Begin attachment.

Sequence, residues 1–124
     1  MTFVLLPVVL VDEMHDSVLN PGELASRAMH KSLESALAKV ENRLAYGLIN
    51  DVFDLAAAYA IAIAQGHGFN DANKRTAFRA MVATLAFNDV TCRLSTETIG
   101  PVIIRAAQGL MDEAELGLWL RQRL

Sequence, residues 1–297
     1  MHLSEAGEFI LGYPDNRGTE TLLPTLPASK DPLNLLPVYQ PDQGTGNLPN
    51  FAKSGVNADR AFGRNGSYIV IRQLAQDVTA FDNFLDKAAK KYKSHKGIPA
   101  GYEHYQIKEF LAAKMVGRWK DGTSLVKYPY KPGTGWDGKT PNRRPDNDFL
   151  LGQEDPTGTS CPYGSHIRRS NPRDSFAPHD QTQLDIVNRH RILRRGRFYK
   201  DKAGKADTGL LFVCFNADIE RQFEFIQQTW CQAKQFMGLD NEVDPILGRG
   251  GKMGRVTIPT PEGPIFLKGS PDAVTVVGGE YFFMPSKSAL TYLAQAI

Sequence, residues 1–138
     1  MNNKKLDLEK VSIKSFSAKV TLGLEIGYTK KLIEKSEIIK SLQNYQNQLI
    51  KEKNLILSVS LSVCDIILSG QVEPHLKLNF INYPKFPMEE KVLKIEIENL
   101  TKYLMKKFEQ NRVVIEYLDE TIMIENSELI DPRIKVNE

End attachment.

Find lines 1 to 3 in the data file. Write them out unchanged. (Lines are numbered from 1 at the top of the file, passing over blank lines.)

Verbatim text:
Sequence, residues 1–124
     1  MTFVLLPVVL VDEMHDSVLN PGELASRAMH KSLESALAKV ENRLAYGLIN
    51  DVFDLAAAYA IAIAQGHGFN DANKRTAFRA MVATLAFNDV TCRLSTETIG